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The Voice of a Generation


Sir Juice

Mr. Magic, born John Rivas, was the first host on commercial radio to devote a program exclusively to rap when his “Rap Attack” began broadcasting on WBLS-FM in New York in April 1983. Disco and funk were then fading, and rap was emerging as a rebellious new art form in the streets, housing projects and parks of New York City.

But many radio stations and music executives were wary of the frank explosiveness of the new music. Mr. Magic played a role similar to that of Alan Freed in popularizing rock ’n’ roll in the 1950s.

“Magic was the guy who carried a flag for the music on the radio, exactly as Freed had done for rock ’n’ roll,” said Bill Adler, a former director of publicity for Def Jam Recordings.

Mr. Magic looked the part of a rap impresario, wearing rings on every finger and gold rope chains. He favored a sharkskin suit.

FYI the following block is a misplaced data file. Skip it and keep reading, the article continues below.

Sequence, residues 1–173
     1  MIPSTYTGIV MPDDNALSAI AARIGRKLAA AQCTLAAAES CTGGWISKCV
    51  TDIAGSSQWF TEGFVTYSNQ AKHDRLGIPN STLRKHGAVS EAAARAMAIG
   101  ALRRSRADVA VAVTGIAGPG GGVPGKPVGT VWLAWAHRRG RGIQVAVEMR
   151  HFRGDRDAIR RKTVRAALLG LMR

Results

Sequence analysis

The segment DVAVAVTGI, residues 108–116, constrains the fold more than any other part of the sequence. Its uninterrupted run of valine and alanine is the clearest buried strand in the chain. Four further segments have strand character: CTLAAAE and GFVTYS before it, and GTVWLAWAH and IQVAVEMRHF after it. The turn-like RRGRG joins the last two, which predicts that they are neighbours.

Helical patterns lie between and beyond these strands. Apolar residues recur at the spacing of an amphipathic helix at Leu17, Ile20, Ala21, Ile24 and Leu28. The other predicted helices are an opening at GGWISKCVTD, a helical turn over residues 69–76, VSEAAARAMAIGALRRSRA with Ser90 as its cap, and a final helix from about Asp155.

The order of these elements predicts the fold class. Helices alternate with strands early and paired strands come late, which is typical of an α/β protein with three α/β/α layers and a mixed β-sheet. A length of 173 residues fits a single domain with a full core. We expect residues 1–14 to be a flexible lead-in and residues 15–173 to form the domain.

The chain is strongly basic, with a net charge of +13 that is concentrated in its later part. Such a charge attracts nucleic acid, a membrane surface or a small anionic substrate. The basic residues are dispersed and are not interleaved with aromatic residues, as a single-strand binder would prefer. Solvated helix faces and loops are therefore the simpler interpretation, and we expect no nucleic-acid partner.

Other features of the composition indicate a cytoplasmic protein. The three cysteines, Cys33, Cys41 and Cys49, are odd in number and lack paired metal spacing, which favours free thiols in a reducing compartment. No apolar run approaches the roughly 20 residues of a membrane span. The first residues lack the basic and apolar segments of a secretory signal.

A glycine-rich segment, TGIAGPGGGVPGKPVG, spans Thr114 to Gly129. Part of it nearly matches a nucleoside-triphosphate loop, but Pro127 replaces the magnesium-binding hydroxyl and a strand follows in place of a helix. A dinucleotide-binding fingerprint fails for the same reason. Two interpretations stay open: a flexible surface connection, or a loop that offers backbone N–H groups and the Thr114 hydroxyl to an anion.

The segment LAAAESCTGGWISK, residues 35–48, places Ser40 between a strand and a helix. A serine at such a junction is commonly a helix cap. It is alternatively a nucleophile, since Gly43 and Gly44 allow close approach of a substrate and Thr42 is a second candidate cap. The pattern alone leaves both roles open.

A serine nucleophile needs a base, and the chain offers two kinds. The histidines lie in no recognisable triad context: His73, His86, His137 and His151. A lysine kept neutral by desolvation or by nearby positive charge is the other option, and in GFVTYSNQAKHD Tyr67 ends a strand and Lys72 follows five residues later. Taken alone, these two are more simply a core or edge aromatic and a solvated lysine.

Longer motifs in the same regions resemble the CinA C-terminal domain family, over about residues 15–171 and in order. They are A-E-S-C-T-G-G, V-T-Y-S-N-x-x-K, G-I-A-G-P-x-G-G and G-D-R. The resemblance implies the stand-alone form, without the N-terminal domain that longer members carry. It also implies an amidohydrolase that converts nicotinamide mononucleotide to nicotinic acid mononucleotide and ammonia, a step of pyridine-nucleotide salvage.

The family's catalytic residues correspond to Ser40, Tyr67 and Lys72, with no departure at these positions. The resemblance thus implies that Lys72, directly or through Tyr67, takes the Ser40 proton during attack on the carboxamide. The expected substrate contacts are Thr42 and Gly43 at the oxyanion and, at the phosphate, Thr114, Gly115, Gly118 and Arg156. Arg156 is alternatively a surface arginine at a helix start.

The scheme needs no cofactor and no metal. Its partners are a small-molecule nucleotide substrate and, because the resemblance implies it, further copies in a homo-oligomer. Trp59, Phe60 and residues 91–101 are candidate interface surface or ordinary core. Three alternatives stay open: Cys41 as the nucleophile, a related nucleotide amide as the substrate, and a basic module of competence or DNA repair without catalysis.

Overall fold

Mr. Magic’s big breakthrough came when WBLS-FM, a larger, mainstream New York station, decided to take a chance on rap, starting in April 1983. Soon Mr. Magic was engaged in spirited competition with a rap show on the station KISS-FM hosted by a D.J. who called himself Kool DJ Red Alert.

Mr. Magic gathered a sort of hip-hop collective that included artists like Big Daddy Kane, Biz Markie, Roxanne and Kool G Rap, and was called the Juice Crew. (Mr. Magic was Sir Juice.)

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